who problematizes old and new media structures, interfaces, and conventions. He is a kludge artist and a creative problem creator. By day, he fixes things, interviews folks, and creates digital tools at studiothread. By night, he breaks things in search of the unique blips inherent to the systems we use.
Satrom performs realtime audio/video noise and new-media (often w/ XTAL FSCK, I ♥ PRESETS, & Magic Missile), develops artware (in partnership w/ PoxParty), and has co-programed and experimented with organizational and curatorial systems w/ dirty new-media && glitch comrades (including GLI.TC/H && r4wb1t5!.)
The artistic process is one of iteration, where the artist continually revisits the work to reflect and refine.
This recursive process can manifest itself in the formal and conceptual qualities of the artwork itself, producing works that embody, parallel and explore the patterns of artistic perception and creation.
NIU’s Jack Olson Gallery will explore those themes this spring with “Pattern Recognition,” an exhibition open from Friday, Jan. 22, through Thursday, March 3. An opening reception is planned from 4:30 to 6 p.m. Thursday, Jan. 21; Jon Satrom’s video performance is scheduled for 5 p.m.
This program considers the technologies of moving images and their reverberating influence on contemporary life. In Jane Veeder’s (MFA 1977) trailblazing 1982 computer animation Montana, stylized mountain peaks and erosion patterns dance with symbols of the technological age. Louis Hock’s (MFA 1973) Silent Reversal (1976) derails cinematic conventions while drawing comparisons between the mechanics of projection and transportation. Jon Satrom (BFA 2003) exploits the fallibilities of analogue and digital data storage devices in his multimedia performance MicroMonotaur. Nick Briz (BFA 2009) breaks down the structure of paid influence and teaches us How to/Why to Leave Facebook (2014). Deborah Stratman’s (BFA 1990) Hacked Circuit peels back the layers of fabrication inherent in movie-making, sound recording, and aural perception through an astonishing single-shot portrait of the Foley process. Jenny Perlin’s (MFA 1998) quietly unnerving Transcript reveals the reach of Cold War surveillance by using the transcript of a 1953 dinner party—which had been recorded (and augmented) by an FBI informant charged with tracking people tangentially related to the case of Juilus and Ethel Rosenberg—as its script. Jodie Mack’s (MFA 2007) exquisite Posthaste Perennial Pattern (2010) animates woven florals to bridge design and nature. Arcade (1984) by pioneering video artists Lyn Blumenthal (MFA 1978) and Carole Ann Klonarides’s Arcade (1984), is a pop-montage of recycled television images, flashing graphics, and surveillance-like footage. Multiple formats.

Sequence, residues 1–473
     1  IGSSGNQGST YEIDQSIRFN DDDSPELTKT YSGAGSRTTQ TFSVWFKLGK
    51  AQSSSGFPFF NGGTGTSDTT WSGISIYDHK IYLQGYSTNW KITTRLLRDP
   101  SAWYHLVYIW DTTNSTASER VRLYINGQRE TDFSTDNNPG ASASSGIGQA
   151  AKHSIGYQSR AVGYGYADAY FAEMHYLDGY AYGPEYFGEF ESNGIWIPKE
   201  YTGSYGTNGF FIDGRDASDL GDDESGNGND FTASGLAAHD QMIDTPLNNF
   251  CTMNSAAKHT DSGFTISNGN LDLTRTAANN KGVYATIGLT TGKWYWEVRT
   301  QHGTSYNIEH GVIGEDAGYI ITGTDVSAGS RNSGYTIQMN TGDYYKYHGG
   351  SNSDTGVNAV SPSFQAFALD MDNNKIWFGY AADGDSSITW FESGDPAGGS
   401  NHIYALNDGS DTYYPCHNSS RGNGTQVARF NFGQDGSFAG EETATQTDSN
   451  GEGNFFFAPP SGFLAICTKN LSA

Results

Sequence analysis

Founded by filmmaker Bruce Baillie in 1961, San Francisco Cinematheque is the Bay Area’s premier venue for avant-garde/experimental, underground and personally expressive film and video work. In our steadfast dedication to exhibiting works of aesthetically radical cinema from all historical eras and geo-political locales, San Francisco Cinematheque celebrates the breadth and depth of this vibrant art form in all its myriad expressivities.